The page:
The Internal Revenue Service (IRS) conducts audits for a variety of reasons. Some audits the result of discrepancies in tax filings, others are allegedly random. Whatever the reason for the audit, those who are the subject of scrutiny by the IRS likely have one thing in common: the stress of the event.
One way to ease the stress is to know what types of methods the agency uses when conducting an audit. Determining which type you are dealing with can help you prepare for the process. The three basic types to be aware of include:
- Correspondence. This is the most common method. It involves a mailing from the IRS, generally asking for clarification on some part of the tax filings. This audit is generally the result of a discrepancy between the filing and the information provided to the IRS by a third party, such as an employer.
- Office. If information is missing you may need to go to a local IRS office. You may need to bring information about deductions or income to the meeting to support the filings.
- Assigned agent. If the alleged tax issue is complex, the IRS may assign a field agent to the matter. This individual, referred to as a Revenue Agent, will likely send you a letter to request a meeting.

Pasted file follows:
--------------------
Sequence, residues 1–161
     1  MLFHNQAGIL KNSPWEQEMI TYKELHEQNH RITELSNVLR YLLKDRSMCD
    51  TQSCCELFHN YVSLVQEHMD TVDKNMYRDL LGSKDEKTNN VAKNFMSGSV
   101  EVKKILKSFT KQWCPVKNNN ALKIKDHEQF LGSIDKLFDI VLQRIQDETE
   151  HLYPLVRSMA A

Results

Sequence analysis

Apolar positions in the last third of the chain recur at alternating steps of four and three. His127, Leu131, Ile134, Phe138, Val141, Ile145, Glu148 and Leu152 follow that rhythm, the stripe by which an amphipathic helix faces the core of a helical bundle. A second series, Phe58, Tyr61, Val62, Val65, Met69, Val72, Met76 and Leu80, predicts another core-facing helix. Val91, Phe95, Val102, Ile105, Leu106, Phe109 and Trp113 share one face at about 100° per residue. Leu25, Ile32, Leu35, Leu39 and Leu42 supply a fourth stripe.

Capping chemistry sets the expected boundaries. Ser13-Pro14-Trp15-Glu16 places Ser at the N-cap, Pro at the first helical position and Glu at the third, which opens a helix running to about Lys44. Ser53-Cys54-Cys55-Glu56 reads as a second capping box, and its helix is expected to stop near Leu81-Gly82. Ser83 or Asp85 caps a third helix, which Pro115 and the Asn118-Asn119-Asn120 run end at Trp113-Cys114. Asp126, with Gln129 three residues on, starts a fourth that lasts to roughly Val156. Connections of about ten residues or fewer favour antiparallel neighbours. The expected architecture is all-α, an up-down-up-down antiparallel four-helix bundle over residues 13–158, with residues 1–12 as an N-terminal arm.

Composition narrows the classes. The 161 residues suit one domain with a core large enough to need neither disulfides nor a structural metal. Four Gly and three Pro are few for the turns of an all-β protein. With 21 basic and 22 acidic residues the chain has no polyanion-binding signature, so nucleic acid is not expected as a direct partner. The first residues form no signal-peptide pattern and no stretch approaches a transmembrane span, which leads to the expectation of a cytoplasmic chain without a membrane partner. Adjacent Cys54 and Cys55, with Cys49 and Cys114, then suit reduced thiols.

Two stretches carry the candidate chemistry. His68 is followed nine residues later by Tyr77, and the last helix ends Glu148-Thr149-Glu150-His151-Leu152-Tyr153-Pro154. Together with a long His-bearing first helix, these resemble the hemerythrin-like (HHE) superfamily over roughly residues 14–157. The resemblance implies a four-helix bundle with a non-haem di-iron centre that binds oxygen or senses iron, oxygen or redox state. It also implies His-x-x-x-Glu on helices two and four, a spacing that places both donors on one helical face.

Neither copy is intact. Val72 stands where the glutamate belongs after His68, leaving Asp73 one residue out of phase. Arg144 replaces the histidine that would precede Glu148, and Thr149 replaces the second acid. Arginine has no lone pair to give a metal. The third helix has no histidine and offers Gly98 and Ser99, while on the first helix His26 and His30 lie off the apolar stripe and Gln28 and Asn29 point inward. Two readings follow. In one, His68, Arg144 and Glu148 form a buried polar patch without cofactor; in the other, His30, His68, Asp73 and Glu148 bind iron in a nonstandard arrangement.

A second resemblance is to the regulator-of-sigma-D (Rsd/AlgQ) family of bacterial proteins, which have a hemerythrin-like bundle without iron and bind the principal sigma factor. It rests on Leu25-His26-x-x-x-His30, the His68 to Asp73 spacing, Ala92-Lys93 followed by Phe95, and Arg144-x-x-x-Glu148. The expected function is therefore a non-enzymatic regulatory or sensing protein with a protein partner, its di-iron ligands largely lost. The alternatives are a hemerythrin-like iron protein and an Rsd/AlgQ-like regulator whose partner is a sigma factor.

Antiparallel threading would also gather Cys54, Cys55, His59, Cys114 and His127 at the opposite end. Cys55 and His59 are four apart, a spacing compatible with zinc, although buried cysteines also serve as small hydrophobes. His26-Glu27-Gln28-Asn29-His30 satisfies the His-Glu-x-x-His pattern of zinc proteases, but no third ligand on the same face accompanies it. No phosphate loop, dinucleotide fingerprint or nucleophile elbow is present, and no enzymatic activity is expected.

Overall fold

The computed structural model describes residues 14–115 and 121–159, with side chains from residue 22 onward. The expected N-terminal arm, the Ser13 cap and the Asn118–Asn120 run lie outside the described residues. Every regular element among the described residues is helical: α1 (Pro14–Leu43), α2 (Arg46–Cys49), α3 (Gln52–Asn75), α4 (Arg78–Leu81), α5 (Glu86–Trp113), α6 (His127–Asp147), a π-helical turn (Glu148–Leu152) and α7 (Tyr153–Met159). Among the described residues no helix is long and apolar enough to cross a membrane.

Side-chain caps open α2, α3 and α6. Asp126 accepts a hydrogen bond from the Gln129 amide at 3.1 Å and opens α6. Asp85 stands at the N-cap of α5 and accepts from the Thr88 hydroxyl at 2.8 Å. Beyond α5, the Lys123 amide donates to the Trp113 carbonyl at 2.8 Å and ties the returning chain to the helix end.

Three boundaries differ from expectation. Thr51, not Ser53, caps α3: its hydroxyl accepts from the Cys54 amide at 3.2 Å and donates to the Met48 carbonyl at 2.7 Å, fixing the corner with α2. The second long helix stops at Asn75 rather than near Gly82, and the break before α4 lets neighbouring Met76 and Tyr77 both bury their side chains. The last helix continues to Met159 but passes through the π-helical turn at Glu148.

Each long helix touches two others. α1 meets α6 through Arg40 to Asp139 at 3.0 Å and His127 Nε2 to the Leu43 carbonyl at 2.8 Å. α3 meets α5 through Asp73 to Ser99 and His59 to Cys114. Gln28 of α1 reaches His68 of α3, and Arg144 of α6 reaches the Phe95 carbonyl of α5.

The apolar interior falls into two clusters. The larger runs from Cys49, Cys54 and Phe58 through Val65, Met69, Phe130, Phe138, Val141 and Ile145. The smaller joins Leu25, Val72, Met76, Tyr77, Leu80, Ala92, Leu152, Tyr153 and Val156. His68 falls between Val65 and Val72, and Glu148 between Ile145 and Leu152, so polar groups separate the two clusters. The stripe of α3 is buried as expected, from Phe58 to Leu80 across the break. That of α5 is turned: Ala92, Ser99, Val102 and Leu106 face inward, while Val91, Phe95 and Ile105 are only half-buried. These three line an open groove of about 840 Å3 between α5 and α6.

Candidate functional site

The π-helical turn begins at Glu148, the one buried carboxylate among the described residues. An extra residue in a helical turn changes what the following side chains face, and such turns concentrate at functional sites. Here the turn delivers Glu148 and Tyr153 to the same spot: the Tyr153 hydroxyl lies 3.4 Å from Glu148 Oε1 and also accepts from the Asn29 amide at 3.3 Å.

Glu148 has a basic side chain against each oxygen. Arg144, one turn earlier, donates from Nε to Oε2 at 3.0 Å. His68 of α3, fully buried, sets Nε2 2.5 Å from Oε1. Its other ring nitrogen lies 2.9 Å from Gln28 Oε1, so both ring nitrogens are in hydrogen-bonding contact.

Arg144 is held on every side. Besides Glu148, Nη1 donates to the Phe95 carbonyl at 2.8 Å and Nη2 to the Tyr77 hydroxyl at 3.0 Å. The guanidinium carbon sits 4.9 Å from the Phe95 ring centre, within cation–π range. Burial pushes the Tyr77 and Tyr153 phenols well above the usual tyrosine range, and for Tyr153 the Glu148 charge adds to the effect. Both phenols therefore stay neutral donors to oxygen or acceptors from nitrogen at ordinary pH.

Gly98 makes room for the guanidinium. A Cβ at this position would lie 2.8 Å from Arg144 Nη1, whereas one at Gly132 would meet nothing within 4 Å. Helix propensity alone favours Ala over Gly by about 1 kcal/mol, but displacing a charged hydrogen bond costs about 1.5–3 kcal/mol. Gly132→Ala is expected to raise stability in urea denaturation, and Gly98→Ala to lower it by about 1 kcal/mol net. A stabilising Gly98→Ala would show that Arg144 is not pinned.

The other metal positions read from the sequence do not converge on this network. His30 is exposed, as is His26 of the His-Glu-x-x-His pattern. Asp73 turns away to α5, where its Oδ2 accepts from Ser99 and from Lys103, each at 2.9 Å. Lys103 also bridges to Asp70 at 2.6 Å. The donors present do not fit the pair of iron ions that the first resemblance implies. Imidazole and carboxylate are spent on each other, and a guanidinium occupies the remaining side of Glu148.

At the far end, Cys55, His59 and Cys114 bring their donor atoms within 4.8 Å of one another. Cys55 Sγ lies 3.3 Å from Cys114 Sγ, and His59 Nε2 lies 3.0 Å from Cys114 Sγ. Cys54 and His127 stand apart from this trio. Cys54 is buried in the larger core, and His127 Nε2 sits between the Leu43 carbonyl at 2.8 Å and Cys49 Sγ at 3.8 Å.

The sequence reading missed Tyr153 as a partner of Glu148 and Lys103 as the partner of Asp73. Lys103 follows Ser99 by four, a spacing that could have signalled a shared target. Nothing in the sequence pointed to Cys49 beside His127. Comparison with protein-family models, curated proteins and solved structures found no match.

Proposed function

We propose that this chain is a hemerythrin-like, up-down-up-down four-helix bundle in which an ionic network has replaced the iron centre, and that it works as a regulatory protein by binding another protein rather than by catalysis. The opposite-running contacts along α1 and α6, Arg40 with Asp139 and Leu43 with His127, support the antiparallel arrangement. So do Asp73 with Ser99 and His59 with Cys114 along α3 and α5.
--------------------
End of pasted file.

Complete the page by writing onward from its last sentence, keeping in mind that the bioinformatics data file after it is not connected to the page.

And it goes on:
A recent piece by Fox News notes that there is a fourth type of audit: random audits. These audits are allegedly triggered by no particular error in tax filings. Instead, the audit is a random review of your entire filing.
In addition to knowing how the process works, you can also ease the stress of the process by hiring legal counsel. An experienced attorney can represent you during this audit, advocating for your interests and working to ensure that your legal rights are protected.